In these days of high-ranking executives single-handedly toppling entire corporations, businesses looking for new strategies might take a lesson from the ant. New research has scientists one step closer to understanding how thousands of ants can run a colony with no supervision whatsoever.
For 20 years, ecologist Deborah Gordon of Stanford University has been trying to understand how individual ants in a colony with no central control decide which jobs they should be doing. Through her observations of the red harvester ant in the New Mexico desert, Gordon discovered that each ant's behavior depends on the tasks carried out by the other ants in the colony. Until now, nobody could determine how an ant knew what their co-workers were up to.
Gordon had already discovered that ants carry chemicals on their bodies that vary depending on which task they are doing. The chemicals are a mixture of hydrocarbons that the ants use to protect themselves from drying out, and ants that spend more time outside in the harsh desert climate have a different mixture. To see if ants could smell the difference, Gordon and chemical ecologist Michael Greene coated tiny glass beads with various hydrocarbon mixtures. Normally, patroller ants are the first to emerge from a colony, and forgers wait to see if the patrollers return safely before venturing out to look for food. In their experiment, Greene and Gordon kidnapped the patrollers and placed a bead covered in the same hydrocarbons found on patrollers into the mouth of the nest every 10 seconds to mimic the return of the patrollers. Sure enough, the foragers took the cue and went out to work. But when blank beads or beads covered with hydrocarbons like those of nest-maintenance workers were placed in the nest, the foragers failed to emerge, they report in the 1 May issue of Nature.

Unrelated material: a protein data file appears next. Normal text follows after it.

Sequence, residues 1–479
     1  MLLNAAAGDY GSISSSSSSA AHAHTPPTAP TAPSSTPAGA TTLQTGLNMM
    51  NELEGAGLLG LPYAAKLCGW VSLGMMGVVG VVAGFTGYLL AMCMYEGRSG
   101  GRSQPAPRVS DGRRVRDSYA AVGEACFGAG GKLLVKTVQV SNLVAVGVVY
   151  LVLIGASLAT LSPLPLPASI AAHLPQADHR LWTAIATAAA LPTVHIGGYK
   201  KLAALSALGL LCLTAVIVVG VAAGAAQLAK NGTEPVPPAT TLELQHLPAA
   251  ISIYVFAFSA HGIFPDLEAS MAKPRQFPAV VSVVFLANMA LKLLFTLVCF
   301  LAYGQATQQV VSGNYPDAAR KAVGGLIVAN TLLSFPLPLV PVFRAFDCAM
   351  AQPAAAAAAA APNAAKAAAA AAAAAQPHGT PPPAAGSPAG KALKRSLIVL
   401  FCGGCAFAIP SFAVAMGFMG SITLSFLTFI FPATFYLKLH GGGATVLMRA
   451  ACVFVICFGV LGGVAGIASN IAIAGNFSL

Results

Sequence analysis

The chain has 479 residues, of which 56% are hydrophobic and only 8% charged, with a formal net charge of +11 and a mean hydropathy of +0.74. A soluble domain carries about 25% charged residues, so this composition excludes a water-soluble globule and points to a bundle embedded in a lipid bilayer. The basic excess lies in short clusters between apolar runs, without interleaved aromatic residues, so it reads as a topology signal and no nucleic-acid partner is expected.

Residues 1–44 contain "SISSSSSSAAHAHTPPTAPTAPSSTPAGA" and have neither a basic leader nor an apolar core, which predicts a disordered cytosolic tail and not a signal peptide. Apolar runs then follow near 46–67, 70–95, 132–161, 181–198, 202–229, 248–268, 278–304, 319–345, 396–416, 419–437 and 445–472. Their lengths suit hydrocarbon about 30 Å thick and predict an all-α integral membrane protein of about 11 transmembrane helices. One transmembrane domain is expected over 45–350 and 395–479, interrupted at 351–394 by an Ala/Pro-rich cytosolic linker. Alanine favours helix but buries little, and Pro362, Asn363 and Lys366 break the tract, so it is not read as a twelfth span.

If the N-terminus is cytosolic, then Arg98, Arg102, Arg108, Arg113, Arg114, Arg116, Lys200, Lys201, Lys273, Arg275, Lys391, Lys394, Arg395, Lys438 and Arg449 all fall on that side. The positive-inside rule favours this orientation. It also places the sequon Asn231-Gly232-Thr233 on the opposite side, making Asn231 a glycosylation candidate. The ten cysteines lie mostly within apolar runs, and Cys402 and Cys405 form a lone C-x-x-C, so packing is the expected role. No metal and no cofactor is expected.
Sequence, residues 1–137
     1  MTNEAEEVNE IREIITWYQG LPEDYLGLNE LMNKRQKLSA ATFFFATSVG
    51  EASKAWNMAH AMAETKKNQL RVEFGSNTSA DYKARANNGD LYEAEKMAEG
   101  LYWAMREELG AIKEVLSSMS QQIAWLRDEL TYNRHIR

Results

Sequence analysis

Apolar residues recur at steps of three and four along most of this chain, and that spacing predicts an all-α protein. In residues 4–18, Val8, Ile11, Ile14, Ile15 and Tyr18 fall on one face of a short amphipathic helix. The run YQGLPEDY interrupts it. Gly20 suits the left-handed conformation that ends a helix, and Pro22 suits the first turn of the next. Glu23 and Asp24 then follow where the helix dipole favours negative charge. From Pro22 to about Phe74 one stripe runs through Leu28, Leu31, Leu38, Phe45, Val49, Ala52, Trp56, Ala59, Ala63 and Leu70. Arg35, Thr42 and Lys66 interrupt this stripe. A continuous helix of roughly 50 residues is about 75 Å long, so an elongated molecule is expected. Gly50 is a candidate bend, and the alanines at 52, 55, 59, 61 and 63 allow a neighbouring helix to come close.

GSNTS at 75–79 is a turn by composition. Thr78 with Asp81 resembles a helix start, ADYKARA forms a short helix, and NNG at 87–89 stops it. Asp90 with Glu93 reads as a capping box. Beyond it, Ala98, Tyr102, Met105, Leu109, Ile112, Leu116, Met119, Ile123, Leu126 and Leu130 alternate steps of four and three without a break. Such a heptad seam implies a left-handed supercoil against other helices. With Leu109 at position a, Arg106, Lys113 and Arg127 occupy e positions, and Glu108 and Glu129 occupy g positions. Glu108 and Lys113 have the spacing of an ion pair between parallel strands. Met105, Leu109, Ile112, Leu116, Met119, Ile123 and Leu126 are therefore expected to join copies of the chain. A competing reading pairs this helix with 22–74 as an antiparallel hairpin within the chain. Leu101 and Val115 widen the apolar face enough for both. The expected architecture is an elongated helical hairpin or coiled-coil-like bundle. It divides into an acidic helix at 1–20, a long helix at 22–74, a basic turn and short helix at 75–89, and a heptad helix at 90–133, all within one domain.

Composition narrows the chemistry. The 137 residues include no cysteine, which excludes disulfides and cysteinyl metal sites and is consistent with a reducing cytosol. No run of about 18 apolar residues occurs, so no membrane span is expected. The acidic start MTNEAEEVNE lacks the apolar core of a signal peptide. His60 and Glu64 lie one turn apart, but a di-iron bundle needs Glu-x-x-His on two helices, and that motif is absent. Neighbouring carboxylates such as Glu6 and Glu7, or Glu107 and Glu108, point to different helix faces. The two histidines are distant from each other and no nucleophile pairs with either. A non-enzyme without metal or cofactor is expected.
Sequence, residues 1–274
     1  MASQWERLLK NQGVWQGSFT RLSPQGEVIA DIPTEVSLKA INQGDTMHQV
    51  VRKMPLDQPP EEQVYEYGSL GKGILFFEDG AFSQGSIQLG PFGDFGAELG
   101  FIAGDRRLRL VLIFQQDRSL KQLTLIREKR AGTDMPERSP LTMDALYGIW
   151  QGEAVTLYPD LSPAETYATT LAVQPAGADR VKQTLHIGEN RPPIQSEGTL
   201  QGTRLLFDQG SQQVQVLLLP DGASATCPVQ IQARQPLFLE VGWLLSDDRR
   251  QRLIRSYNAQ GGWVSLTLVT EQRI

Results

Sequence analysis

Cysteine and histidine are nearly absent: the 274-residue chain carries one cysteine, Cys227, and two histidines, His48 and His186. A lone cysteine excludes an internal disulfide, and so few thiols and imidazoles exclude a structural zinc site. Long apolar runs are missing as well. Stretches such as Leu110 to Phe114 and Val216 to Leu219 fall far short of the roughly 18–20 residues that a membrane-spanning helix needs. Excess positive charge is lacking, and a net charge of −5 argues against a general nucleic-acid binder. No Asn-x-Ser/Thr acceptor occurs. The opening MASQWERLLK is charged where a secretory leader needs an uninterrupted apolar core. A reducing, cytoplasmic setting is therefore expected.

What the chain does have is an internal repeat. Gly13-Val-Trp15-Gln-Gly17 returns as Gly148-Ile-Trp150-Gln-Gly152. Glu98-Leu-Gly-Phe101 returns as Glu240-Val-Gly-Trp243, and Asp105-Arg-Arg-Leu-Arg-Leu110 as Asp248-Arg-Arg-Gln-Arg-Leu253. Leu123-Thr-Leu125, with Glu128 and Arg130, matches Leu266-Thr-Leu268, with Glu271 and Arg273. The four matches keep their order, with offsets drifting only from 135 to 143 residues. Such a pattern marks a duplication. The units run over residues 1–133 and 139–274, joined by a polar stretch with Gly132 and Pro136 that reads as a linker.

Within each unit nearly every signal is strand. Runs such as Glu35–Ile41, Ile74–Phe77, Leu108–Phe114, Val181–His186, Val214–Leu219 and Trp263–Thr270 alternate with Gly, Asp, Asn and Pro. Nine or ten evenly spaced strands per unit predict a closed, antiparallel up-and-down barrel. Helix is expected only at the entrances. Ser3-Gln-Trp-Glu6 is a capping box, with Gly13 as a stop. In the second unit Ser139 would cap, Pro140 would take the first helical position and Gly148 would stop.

The results may have an impact well beyond the realm of ecology, says John Holland, a computer scientist at the University of Michigan in Ann Arbor. "The things they're learning here are going to inspire others to think about simple signals in other complex systems," he says. "With just a few chemical signals, the whole system can behave with a lot of flexibility to changing conditions." Similar examples could crop up in research on other complex systems such as the brain, the immune system, or computer software; and businesses interested in having more distributed control may take notice as well, he says.